We’re swooning over each and every one of Hannah’s unusual and traditional Nothing But Delicious recipes. (See her kompot and beet kvass recipes too.) In this last grab at summer’s bounty, Hannah teaches us how to preserve our favorite summer fruits to save for holiday delights!

This is an old method of preservation, dating back to the 18th century, that is easily the lowest-effort, highest-reward way of storing summer fruit. Although it’s called rumtopf, or “rum pot,” in Germany, and confiture de vieux garçon, or “bachelor’s jam” in France, at my house I refer to it as “hoarder’s jam.” Every time I go to the farmer’s market at the end of summer, I pick up something colorful to squirrel away, to keep for colder months: peaches, plums, nectarines, cherries, figs and apricots of all shapes and hues. I douse it in sugar, cover it with brandy in old pickle jars, and by fall I have so many jars that you’d call me unreasonable if I told you the real number. Three months later, it’s a holiday treat.

a few ideas for how to use your Bachelor’s jam:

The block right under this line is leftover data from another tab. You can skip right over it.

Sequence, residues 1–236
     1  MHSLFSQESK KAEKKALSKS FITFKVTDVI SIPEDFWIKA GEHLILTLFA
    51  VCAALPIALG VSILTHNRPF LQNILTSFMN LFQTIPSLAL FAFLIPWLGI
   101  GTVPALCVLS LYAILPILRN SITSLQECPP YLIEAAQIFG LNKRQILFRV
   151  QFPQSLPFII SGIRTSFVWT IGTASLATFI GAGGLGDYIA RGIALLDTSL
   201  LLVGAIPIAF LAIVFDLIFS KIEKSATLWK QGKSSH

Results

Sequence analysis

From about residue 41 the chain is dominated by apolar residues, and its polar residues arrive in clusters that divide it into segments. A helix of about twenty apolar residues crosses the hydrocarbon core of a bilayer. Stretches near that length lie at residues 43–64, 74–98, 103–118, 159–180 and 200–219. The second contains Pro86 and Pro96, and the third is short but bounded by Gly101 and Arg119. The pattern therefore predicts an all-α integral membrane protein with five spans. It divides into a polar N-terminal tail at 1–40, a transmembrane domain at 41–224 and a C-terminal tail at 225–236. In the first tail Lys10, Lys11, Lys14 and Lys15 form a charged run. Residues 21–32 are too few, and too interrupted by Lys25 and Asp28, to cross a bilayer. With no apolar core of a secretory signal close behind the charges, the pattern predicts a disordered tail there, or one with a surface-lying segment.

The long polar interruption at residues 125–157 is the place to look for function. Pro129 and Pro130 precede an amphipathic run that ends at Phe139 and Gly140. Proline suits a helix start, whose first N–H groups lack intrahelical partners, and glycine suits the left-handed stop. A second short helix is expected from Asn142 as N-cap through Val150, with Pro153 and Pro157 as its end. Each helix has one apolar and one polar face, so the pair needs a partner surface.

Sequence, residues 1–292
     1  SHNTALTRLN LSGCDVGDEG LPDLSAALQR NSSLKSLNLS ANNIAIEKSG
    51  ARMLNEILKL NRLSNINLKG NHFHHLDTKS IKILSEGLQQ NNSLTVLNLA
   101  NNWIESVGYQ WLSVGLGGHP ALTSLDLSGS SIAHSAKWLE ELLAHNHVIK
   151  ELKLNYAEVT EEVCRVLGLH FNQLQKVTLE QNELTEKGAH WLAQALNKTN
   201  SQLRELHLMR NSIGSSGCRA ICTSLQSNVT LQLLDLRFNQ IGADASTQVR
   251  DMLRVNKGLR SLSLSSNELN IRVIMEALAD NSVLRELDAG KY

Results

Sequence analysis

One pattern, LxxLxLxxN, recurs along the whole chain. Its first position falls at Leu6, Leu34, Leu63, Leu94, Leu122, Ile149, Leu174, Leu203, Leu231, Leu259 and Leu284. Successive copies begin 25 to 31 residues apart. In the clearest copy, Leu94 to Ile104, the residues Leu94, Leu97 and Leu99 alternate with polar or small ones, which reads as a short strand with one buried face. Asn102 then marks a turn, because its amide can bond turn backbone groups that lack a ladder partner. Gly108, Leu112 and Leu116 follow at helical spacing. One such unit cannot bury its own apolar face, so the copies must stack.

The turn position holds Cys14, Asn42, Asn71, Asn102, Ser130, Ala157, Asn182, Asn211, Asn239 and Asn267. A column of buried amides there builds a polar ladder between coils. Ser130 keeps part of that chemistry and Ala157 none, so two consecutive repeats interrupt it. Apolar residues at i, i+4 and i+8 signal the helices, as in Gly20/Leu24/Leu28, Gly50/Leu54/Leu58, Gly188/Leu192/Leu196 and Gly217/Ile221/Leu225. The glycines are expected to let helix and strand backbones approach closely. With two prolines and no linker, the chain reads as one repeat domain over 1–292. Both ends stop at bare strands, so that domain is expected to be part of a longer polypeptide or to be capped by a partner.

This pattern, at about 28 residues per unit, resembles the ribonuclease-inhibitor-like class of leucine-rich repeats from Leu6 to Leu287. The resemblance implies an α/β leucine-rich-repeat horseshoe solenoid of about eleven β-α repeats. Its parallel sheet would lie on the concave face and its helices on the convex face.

Nestle it into a clafoutis           Garnish a cocktail with the boozy fruit

Make an upside down cake     Serve on top of ice cream or angel food cake

Bake it into a crumble              Use the left-over alcohol to make rum punch

How To Make Bachelor’s Jam


You can use whatever firm fruit you like. Herbs or spices aren’t necessary. Here are a few suggestions:

Blueberries, rosemary and vodka
Pears, orange peel, ginger and whiskey
Figs, lemon peel and rum
Peaches, nectarines, vanilla bean and brandy
Cherries, star anise or cloves and bourbon
Apricots, thyme and gin


Sanitize jars, lids, knife and cutting board with boiling water.

Rinse fruit under cold water and dry with a clean kitchen towel.

Chop fruit as desired – 1/2″ or larger. You can leave pits in, or take them out.

For every layer of fruit you add to the jar, cover with a spoonful of sugar. The suggested ratio is 2/3 alcohol to 1/3 sugar, but you can adjust the amount of sugar based on your own taste and the sweetness of the fruit.

When the jar is full, pour in high-proof liquor and make sure everything is fully submerged before closing. Store in a cool, dark place for about three months before using.

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